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IBM package aims to capitalize on compliance fears

Aiming to make regulatory compliance easier, IBM has pulled together several existing server, storage and software products to create the TotalStorage Data Retention 450 system.

Aiming to make regulatory compliance an easier process, IBM has pulled together several existing server, storage, software and retention products to create the TotalStorage Data Retention 450.

The system was designed to provide a central point of control, which will help manage growing compliance and data-retention needs, IBM said. It features several elements in a single cabinet, including IBM eServer pSeries Power processor-based servers with IBM TotalStorage products, as well as the new Tivoli Storage Manager for Data Retention.

The crown jewel of the Data Retention 450 is Tivoli Storage Manager for Data Retention (TSM). Using policy-based management, TSM can store data in three ways: indefinitely, based on a retention event, or based on a predetermined expiration date. The software can also verify that data is written correctly and prevent modifications and deletions. IBM said that Tivoli users can utilize a variety of content management and archive applications, as well as more than 600 storage devices on which to enforce retention policies throughout the data life cycle.

Alan Stuart, IBM's chief strategist for compliance and data-retention solutions, said that most of the technology in the Data Retention 450 is already in IBM's arsenal.

"TSM already had almost all of these data-retention capabilities," he said. "We hardened it by removing the administrator option to delete records on the fly. Now data can only be deleted through policies. The other thing we're bringing to the marketplace is the ability to build tiered storage. After 20 or 30 TB, even cheap disk is expensive. What happens with disk is you have to turn it over every three to five years." That's where tape enters the equation, he said.

Despite the advent of cheap disk, tape still plays a critical role in the long-term data retention process. The Data Retention 450 supports IBM's TotalStorage Enterprise Tape Drive 3592, as well as IBM's Linear Tape Open (LTO) family of products. "You can put hundreds of terabytes of tape behind this unit and give yourself tiered storage," he said.

In addition, upcoming support for IBM's write once read many (WORM) media technology for the IBM TotalStorage 3592 will provide non-rewriteable media. IBM did not specify when the WORM technology would be generally available.

The TotalStorage Data Retention 450 can be shipped with a minimum of 3.5 TB and can expand up to 56 TB. It supports the ability to retain data without alteration throughout its lifetime. The Data Retention 450 can also be bought piecemeal and custom-built by IBM Global Services, its partners or by end users. The IBM TotalStorage Data Retention 450 has a $141,600 starting price tag and will become available in March 2004.

The compliance conundrum

IBM said the Data Retention 450 is "well-suited" for companies dealing with the data-retention and corporate-governance regulations of the Sarbanes-Oxley Act , HIPAA and SEC Regulation 17a-4. Like most other storage vendors, IBM says it is "focused" on supplying a comprehensive set of compliance and data-retention products -- but are products the answer?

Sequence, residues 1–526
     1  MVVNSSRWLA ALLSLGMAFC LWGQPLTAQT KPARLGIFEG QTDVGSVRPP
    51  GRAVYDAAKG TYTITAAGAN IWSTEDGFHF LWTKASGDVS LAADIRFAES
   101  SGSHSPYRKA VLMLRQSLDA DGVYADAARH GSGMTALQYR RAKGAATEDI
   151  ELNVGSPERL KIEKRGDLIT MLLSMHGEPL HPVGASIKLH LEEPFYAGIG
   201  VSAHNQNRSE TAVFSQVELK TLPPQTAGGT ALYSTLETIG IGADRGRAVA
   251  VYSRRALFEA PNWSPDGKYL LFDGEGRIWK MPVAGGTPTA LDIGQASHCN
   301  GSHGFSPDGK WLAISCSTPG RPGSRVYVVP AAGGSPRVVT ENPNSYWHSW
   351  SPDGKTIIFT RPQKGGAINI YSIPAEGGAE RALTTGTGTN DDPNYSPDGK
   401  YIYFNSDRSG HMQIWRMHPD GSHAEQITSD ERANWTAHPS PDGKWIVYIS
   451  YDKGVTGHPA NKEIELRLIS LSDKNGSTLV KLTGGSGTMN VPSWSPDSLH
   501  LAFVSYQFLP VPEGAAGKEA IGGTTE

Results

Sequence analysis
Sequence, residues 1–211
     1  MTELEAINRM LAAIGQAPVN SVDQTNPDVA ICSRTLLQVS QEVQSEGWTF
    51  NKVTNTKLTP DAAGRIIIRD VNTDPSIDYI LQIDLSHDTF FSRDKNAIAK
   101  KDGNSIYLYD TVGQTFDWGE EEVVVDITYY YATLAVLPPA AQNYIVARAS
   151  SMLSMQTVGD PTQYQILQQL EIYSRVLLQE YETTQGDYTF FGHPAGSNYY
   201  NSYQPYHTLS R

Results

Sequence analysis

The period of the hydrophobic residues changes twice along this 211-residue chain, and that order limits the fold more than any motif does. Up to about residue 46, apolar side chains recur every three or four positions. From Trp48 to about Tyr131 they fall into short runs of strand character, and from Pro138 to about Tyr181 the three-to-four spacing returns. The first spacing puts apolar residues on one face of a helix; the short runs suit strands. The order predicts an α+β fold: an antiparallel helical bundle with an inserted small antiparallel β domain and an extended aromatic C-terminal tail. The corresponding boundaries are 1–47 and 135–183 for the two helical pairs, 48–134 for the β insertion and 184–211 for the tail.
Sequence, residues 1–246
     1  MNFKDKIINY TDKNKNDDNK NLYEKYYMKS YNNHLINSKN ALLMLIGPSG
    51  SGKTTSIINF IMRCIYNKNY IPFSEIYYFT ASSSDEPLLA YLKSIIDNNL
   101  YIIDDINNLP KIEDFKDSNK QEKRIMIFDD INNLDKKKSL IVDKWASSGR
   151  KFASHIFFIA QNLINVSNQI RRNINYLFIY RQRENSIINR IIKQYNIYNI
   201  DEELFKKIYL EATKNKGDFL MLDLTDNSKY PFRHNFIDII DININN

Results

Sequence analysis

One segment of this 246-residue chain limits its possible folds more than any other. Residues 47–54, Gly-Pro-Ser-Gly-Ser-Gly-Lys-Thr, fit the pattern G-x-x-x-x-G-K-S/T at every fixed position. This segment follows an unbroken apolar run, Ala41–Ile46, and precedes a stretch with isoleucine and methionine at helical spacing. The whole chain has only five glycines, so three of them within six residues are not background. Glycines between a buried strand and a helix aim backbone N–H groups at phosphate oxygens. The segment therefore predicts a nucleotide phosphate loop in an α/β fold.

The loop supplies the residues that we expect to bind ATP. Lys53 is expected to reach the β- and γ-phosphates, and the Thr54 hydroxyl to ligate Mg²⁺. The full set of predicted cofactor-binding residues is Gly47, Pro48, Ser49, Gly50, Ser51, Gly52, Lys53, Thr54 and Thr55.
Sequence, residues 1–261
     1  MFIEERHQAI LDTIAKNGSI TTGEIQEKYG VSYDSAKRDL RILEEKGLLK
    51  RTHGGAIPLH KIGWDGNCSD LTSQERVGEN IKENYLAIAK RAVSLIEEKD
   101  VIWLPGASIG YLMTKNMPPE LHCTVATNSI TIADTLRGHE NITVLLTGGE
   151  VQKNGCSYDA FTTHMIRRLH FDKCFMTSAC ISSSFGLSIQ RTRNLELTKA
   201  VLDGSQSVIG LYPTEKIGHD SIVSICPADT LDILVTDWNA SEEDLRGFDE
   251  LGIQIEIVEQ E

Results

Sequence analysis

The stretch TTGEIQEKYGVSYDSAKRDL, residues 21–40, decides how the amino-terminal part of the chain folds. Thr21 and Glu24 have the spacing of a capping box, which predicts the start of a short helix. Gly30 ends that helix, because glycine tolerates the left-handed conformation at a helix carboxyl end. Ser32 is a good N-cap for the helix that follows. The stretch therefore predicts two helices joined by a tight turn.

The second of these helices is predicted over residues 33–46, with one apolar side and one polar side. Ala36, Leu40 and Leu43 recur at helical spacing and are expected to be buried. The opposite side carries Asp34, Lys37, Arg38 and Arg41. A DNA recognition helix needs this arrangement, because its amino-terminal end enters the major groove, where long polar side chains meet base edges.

Even Big Blue was careful to note that users are ultimately responsible for ensuring their own compliance with legal requirements. IBM said it "does not provide legal advice or represent or warrant that its services or products will ensure that the customer is in compliance with any law."

So, if you can't buy compliance in a box, how do you achieve compliance? Do you even know what regulations will affect your business?

"[The Data Retention 450] is a good product, and it's not unusual at all. It's built from a lot of everything else that they have," said Jack Scott, a partner with the Evaluator Group Inc. "IBM has a vast repertoire from the ILM [information life cycle management] work that they've had forever that they never put together."

Scott said that an understanding of compliance in general is more important than understanding products. "One of the things that really bugs me," he said, "is people who think [one product] is going to solve their problems. [One product] isn't going to solve your problem at all."

If you study the regulations -- there are about 4,000 in the U.S. that apply to IT -- you'll see that there is no single product that's going to solve the compliance problem, he said. "The first thing you do is go over and see your general counsel and find out what you need to do. If they don't know you, find a consulting firm that does. There is no quick fix on this stuff. It's all elbow grease," he said.

There is no doubt there are consulting costs involved in setting up a complete compliance, retention-management or content-management solution. However, Nancy Marrone-Hurley, senior analyst with the Enterprise Storage Group Inc., said that's going to be the case no matter what -- whether a customer chooses to go with IBM or some other vendor.

"There is an up-front process of assessment. Then there's the 'socialization' phase, where policies are determined and data values are set, and then the actual implementation process. Every customer will need to go through those processes, so it's not as though only IBM will require up-front services costs," she said.

Let us know what you think about the story; e-mail: Kevin Komiega, news editor.

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